6. Recognize the scope of the §465 at-risk rules and their effect on property depreciation, and identify the requirements, mechanics, and types of §1031 like-kind exchange.
7. Identify qualified deferred compensation plans and nonqualified plans by:
a. Determining the major benefit of the qualified deferred plans and the calculation basis of benefits and contributions; and
b. Recognizing the current and deferred advantages and the disadvantages of corporate plans stating fiduciary responsibilities and prohibited transactions.
8. Identify the requirements of the basic forms of qualified pension plans permitting clients to compare and contrast such plans.
9. Determine the distinctions between defined contribution and defined benefit plans, specify the types of defined contribution plans, and identify their effect on retirement benefits.
10. Identify how self-employed plans differ from qualified plans for other business types and owners, and specify the requirements of IRAs and the special requirements of Roth IRAs.
11. Determine what constitutes SEPs and SIMPLEs recognizing the mechanics and eligibility requirements of each type of plan.
After studying the materials in Chapter 3, answer the exam questions 82 to 129.
Chapter 4 Losses, AMT & Compliance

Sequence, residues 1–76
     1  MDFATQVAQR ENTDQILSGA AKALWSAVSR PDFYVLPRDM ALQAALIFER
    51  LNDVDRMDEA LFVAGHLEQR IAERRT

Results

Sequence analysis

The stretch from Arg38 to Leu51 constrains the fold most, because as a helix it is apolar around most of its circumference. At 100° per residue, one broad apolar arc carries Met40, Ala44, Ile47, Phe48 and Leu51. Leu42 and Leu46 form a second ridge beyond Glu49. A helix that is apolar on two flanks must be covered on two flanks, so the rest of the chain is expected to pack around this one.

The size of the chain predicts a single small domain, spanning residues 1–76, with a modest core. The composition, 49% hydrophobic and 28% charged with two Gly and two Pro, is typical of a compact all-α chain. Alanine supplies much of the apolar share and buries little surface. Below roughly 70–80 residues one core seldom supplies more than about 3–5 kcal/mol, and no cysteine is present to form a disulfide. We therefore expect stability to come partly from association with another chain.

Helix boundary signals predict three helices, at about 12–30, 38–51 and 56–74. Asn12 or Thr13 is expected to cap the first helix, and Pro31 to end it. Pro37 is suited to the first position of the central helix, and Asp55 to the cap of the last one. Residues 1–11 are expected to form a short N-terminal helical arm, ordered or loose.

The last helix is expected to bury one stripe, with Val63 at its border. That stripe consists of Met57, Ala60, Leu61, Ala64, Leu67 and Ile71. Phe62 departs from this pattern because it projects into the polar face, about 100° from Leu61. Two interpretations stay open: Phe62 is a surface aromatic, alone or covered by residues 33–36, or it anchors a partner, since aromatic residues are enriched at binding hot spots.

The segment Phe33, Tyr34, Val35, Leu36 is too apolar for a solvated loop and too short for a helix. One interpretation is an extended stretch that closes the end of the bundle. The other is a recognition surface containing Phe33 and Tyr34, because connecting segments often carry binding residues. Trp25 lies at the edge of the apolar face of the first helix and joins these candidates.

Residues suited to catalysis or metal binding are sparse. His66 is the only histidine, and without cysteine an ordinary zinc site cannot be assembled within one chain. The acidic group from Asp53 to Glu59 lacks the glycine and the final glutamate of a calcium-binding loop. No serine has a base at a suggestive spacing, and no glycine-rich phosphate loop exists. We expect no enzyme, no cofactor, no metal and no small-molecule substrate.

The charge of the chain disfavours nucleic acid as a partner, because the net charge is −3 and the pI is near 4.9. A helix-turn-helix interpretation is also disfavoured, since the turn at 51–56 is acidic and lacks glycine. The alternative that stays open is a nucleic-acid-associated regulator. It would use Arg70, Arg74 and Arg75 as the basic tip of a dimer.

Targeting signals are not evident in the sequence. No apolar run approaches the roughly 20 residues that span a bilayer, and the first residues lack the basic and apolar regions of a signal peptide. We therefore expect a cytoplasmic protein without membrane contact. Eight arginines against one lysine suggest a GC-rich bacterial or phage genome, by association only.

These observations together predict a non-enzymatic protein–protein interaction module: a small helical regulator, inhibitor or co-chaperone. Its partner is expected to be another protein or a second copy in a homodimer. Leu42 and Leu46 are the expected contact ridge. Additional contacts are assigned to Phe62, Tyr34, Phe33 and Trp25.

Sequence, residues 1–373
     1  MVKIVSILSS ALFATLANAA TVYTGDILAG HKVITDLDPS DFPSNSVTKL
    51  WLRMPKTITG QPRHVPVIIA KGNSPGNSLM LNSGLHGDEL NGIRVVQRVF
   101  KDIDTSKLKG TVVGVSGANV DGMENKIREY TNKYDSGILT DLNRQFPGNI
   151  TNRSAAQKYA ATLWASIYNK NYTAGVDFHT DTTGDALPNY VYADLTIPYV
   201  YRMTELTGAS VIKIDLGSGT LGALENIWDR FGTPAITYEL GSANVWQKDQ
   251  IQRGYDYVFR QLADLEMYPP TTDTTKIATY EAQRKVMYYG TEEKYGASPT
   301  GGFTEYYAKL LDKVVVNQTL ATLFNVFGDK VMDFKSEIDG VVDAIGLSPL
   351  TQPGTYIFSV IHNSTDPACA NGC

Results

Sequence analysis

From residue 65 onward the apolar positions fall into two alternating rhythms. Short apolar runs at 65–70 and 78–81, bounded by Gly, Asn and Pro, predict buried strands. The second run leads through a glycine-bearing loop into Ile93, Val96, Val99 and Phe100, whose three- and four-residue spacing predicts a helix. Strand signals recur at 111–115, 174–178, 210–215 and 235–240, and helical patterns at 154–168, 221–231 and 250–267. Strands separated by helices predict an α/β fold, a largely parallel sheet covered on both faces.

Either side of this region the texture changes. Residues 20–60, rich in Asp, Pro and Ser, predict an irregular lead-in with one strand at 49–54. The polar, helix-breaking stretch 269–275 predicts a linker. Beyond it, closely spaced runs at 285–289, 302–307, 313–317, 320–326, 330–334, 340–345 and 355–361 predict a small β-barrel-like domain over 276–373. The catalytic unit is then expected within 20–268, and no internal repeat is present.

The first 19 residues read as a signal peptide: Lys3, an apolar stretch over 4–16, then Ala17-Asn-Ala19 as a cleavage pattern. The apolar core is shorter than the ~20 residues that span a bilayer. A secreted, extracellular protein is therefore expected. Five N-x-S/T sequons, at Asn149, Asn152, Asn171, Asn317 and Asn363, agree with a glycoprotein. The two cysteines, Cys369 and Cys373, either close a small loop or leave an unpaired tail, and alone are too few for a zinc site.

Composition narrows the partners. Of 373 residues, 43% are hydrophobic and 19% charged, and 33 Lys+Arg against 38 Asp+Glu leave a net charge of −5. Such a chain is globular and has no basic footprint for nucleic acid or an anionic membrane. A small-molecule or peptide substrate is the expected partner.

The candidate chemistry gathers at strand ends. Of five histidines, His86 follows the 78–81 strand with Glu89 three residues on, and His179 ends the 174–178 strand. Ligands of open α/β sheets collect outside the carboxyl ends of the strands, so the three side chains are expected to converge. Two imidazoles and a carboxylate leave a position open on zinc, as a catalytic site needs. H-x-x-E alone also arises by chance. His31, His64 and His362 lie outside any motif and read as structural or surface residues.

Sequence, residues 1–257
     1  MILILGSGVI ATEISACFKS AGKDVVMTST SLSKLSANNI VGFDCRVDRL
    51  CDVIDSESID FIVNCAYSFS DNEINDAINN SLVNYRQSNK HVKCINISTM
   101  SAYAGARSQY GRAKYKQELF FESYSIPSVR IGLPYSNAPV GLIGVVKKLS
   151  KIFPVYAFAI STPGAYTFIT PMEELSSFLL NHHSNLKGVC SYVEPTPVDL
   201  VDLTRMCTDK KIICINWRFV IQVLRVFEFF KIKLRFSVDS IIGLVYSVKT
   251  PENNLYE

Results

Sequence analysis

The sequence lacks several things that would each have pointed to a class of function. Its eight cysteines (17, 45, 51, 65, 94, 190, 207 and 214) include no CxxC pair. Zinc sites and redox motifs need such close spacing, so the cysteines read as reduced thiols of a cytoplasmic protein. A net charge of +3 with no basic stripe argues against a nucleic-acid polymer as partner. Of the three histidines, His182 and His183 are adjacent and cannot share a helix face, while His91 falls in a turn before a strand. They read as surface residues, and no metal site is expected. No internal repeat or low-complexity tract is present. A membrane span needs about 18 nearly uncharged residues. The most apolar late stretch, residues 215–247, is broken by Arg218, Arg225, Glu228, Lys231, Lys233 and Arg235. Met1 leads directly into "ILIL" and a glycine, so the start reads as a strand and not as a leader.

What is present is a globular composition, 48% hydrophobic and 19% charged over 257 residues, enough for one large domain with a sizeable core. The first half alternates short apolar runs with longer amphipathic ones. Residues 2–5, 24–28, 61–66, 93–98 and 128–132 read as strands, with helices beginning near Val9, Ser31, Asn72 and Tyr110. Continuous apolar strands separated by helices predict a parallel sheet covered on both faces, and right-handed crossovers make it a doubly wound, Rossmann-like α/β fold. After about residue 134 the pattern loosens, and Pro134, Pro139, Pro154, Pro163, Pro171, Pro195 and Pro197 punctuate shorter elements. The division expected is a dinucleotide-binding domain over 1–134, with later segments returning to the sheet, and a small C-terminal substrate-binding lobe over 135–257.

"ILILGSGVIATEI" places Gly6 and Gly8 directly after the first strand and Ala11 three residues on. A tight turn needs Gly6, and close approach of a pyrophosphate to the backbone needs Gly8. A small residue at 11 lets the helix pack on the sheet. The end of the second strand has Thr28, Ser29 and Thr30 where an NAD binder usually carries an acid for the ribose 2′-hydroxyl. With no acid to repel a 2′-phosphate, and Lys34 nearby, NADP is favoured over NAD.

At the start of Chapter 4, participants should identify the following major topics for study:
* Passive loss rules
* Suspension of disallowed losses under §469
* Computing the alternative minimum tax
* Minimum AMT tax credit
* Reporting compliance rules and provisions
* Accuracy related penalties
* Information reporting penalty final regulations
* Penalty for unrealistic position
* Statute of limitations for assessments
* Examination of returns
After reading Chapter 4, participants will be able to:
1. Identify basic income types and the “buckets” of income and loss under §469 that can influence what can be deducted, determine the suspension of disallowed passive losses, and recognize the special rules for transfers deemed not to be fully taxable dispositions.
2. Specify differences between the regular and alternative minimum tax recognizing the application tax preferences and adjustments, and determine the life of assets under ADS, alternative minimum taxable income, passive losses under the AMT, and what constitutes ACE.
3. Identify the reporting requirements for real estate transactions, independent contractors, and cash reporting.
4. Recognize types of accuracy-related and unrealistic position penalties, and specify the IRS's examination of returns policy and assessment process including applicable statute of limitations.
After studying the materials in Chapter 4, answer the exam questions 130 to 150.